Prohibition, or a Case of Supply vs. Demand?

Prohibition, or a Case of Supply vs. Demand?

Every day I hear questions from beer consumers. And every day I realize how little the consumer understands the difference between prohibition and economics. Questions like, “Can you get Samuel Adams Utopias?” and “Can you get BrewDog’s Sink the Bismarck!?” – these have multilayered answers; both have a foot in each camp.

Prohibition: Limits intended to benefit society

While I’ve not seen the official RCW on alcohol content limits for Washington State, the highest ABV (alcohol-by-volume) I’ve seen listed on bottles is 20%. Both Utopias and Sink the Bismarck! exceed this, at ABVs of 27% and 41%. So, in their cases it’d likely have to do with prohibition. That is, laws that restrict your alcohol purchase decisions.

Some whine and complain about the high-alcohol restrictions, while I feel rather fortunate that we’re not in a state like Mississippi where you can only get 5% or lower beer.

Prohibition: Did it  end or loosen?It makes you wonder: How and why did legislators place limits on things like alcohol volumes, home brewing, even once going so-far as to outlaw alcohol completely?

To better understand how we got here, we need to know the history of how this was created. This is one reason I’m really looking forward to the Ken Burns documentary on Prohibition airing on PBS next month.

Economics: Is it a case of supply and demand?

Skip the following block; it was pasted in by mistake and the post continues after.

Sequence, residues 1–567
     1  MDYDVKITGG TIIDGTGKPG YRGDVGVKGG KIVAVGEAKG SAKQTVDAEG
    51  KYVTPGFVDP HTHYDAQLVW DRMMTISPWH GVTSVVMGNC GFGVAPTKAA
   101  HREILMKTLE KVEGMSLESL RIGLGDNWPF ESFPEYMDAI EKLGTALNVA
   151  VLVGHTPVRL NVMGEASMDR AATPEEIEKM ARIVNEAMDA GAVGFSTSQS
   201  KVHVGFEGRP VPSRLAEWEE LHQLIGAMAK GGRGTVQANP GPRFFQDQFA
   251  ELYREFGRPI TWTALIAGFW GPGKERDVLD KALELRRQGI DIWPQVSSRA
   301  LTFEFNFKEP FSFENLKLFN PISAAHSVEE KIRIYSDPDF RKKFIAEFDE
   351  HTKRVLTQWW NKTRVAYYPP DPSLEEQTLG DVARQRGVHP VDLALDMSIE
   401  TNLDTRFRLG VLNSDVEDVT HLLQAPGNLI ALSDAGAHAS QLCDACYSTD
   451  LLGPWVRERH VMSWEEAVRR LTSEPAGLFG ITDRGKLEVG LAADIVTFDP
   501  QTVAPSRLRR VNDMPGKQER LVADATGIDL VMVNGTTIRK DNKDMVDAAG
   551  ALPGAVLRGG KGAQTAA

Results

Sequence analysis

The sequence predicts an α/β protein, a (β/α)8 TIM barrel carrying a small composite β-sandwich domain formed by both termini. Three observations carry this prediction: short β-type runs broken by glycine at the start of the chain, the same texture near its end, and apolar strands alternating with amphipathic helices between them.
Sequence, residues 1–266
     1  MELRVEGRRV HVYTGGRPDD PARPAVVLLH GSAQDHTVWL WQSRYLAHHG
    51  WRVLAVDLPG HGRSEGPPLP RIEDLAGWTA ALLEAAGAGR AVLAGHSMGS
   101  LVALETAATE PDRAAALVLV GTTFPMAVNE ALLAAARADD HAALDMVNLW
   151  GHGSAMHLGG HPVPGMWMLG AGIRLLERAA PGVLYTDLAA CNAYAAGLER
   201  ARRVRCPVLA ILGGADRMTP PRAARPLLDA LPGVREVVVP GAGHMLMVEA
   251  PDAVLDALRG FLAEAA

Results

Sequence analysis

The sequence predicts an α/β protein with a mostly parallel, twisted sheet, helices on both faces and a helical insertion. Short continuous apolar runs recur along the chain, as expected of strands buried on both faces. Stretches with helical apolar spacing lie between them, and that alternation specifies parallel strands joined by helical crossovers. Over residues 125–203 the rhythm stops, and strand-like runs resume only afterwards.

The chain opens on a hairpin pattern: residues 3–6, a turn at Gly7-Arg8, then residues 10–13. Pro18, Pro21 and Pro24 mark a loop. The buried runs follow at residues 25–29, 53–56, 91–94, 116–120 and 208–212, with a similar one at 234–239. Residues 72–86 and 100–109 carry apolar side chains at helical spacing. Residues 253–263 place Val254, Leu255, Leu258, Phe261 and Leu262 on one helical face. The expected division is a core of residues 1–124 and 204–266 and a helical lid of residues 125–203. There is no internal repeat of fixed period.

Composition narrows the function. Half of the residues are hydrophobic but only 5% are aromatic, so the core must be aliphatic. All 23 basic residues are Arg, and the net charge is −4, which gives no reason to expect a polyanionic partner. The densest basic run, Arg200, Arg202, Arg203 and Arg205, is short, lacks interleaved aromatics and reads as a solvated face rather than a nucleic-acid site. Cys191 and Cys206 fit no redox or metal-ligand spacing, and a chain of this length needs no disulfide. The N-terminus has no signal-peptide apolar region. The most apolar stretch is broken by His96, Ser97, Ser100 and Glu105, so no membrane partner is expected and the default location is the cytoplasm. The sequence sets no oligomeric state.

In the simplest case of supply and demand, a brewery may not have enough tanks and manpower to brew enough to provide locally. There is not enough beer to sell at this bar and that bar, let alone ship to another state.

In the case of beers like Utopias and Sink the Bismarck, it could even be a case of personal economics. Probably 98% of those requesting have little knowledge about those beers, asking follow-up questions like: “What’s it taste like?” The answer, documented in hundreds of online beer reviews; with a search on or, their answer easily found. And “Where can I get it?” You can get it in another state…or country…for the price plus transportation costs. The 27% Samuel Adams Utopias will run you around $150-200 if you’re paying what the brewery intended; I’ve seen hovering around $260-375 on eBay (aka, Beer’s Black Market). Though on the black market, it could be stored improperly and spoiled, refilled or diluted with water, or perfectly fine. The gamble’s up to you. There are online retailers who’ll direct-ship, some attempting to thwart black market resellers by pricing at $250-499.

Sink the Bismarck!As for the 41% BrewDog Sink the Bismarck, there are online stores that can direct-ship to you, if you’ve got valid ID to prove age of 21 years or older and live within the borders of a state that allows personal beer shipments. An 11.2-ounce bottle will cost you $120-170. Yep, that’s $10-15 an ounce for a “good beer.”

There’s online beer-of-the-month clubs and beer stores willing and able to ship beers from one state to another, should The CARE Act keep its nose out of those businesses. Should CARE be enacted, clearly a mix of prohibition and economics result. Why are legislators keeping CARE alive? What’s in it for their state? Are they concerned about tax and licensing revenue – and are these enforceable across cross-state lines? Who’s behind CARE, and how does it benefit distributors?


One thought on “Prohibition, or a Case of Supply vs. Demand?

  1. Cheers, Tiffany – a good read.

    Our retail beer selection in the US – and in WA – is excellent, but some folks will always want the beer that they can’t get easily. Ever thus.

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